The cost to run a surgical hospital is far less than a hospital—which you’d know if you’ve ever looked at a detailed hospital bill. Call around prior to scheduling your surgery and compare prices.
But, keep in mind, most of the time things boil down to insurance coverage. Make sure you’re in-network wherever you go. However, if your surgery is voluntary and you’re paying out of pocket, then a surgical hospital will save you some money.
6. Do You Need a Longer Stay?
Many surgical hospitals do both outpatient and inpatient procedures.
Outpatient surgery means that they perform the procedure and then send you home (once you’re stable). You’ll get picked up by a friend or family member and finish your recovery at home.
Inpatient surgeries, on the other hand, require overnight stays and can vary in length, depending on the need.
Your doctor will let you know what kind of recovery to expect when it comes to your specific procedure, and let you know if inpatient surgery at a surgical hospital is an option.
Usually, inpatient stays at a surgical hospital last fewer than three days. Hospital stays, though, can last as long as needed (weeks or even months in a worst case scenario).
7. Do You Need Scans or Diagnostics?
While some surgical hospitals have the works—an MRI machine, X-ray etc.—not all do. Before you choose where you go, make sure that your facility of choice has everything you need!
Hospitals have labs and diagnostic tools onsite, and although most surgeries won’t need access to these technologies (at least not during or right after the surgery) they’re there if you need them.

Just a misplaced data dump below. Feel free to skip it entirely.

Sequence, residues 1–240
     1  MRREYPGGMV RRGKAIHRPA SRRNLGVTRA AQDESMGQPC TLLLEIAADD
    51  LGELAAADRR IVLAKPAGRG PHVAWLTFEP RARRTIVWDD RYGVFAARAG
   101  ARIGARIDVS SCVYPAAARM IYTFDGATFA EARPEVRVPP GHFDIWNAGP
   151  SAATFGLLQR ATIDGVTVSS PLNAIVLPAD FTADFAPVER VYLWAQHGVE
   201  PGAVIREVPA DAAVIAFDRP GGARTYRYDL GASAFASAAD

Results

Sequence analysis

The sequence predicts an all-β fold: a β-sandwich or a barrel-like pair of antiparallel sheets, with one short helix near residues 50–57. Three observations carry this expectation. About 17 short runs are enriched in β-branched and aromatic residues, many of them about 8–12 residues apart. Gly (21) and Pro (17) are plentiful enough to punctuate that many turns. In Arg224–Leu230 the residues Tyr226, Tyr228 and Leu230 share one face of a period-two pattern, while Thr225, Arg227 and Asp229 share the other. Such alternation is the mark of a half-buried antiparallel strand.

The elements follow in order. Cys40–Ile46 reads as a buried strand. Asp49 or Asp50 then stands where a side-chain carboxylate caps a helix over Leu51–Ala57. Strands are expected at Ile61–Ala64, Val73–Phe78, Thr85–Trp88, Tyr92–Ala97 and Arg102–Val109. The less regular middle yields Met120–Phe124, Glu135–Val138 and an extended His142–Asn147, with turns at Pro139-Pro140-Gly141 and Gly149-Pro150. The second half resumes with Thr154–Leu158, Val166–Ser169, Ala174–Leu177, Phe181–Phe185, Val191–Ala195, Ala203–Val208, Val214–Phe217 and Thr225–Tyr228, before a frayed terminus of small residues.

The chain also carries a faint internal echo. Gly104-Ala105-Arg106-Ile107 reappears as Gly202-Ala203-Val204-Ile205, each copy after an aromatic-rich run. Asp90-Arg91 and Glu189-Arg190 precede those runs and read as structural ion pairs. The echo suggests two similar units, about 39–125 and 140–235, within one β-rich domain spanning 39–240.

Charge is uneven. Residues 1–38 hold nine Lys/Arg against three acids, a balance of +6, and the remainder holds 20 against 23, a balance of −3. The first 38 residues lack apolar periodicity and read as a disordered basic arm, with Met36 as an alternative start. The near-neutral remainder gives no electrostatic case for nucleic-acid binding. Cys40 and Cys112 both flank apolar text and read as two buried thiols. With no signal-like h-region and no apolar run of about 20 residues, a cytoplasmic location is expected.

8. Is the Procedure Regularly Performed There?
Even though this is the second to last point in the list, it’s not the second to last point in terms of importance! Choose a center (surgical or hospital) that’s familiar with the type of surgery you’re having.
If you’re having a routine procedure, your options shouldn’t be limited. The staff should have plenty of experience dealing with your specific need (and be extremely familiar with pre- and post-op procedures).
But, for example, if your child is having surgery, make sure they’re used to working with children. Different situations and scenarios require different subtleties and procedures, down to the temperatures that the doctor keeps the OR.
9. Which is Closer?
Obviously, we’re a fan of surgical hospitals, but traveling long distances post-op isn’t always ideal. If the distance is extreme, you may be better suited to stay closer to home.
However, if your surgery is inpatient in nature, and the surgical hospital you’re considering offers that as an option, then your decision can be based more significantly on the topics listed above.
Remember, it’s not advisable to drive after having anesthesia or pain medications, so if your surgery is outpatient, you’ll need to coordinate reliable transportation.
Popular Surgical Hospital Surgeries
Interested to see if your potential surgery may qualify to be done at a surgical hospital? Below are some common procedures:
- Joint Replacements
- Sports Medicine Procedures (Cortisone shots, for example)
- Cataract Removal
- Glaucoma Treatment
- Retinal Laser Surgery
Ear, Nose and Throat
- Tonsils and Adenoids
- Nasal Obstructions
- Hemorrhoid Banding
Those are just a few of the surgeries typically provided in a surgical hospital. Our facility can be assisted will all surgeries listed above and also has pre-op testing and pain management specialists on site.
Hospital Surgery vs. Surgical Hospital Surgeries
We strive to be a great fit for everyone, and we hope you’ll give us a chance. The staff at Edgewood works hard to keep a modern and pristine facility where we treat each patient like family.
If you’re interested in outpatient or inpatient surgery at our facilities, talk to your surgeon about scheduling at Edgewood Surgical Hospital.
Want to meet our doctors? Click here.